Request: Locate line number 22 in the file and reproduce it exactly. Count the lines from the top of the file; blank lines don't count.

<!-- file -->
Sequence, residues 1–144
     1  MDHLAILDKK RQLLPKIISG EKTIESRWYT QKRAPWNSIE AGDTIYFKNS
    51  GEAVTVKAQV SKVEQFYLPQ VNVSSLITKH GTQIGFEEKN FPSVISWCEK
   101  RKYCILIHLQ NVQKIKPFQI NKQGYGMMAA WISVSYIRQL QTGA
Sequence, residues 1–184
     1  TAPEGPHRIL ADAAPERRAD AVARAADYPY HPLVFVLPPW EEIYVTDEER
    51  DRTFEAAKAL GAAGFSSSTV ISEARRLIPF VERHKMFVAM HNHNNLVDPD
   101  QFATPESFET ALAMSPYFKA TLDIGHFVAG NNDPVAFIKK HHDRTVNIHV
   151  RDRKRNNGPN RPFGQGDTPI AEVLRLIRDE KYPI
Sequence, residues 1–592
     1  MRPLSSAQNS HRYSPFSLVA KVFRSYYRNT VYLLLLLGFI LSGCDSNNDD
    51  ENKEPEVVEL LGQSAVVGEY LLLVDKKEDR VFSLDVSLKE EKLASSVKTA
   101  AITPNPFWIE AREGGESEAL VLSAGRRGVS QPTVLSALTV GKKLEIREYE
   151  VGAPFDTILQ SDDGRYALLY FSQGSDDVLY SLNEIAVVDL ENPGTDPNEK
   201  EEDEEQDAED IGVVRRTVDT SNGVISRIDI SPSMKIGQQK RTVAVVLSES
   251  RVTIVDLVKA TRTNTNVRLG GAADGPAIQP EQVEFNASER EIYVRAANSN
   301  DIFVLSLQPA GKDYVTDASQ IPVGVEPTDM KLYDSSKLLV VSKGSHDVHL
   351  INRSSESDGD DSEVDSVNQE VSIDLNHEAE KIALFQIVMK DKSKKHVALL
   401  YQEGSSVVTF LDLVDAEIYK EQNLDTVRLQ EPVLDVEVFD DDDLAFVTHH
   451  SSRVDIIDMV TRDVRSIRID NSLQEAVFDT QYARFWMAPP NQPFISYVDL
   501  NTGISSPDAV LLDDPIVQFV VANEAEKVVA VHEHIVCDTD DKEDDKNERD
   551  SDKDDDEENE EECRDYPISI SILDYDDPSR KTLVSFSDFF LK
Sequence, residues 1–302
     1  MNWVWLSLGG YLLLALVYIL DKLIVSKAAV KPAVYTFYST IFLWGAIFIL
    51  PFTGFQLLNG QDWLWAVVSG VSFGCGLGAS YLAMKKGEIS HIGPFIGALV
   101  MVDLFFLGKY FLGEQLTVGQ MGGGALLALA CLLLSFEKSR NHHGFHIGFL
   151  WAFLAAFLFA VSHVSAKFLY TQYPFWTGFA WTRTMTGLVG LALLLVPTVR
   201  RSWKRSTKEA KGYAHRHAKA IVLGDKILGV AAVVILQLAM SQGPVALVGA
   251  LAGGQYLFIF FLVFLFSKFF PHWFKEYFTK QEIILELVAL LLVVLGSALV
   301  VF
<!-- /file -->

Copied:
   551  SDKDDDEENE EECRDYPISI SILDYDDPSR KTLVSFSDFF LK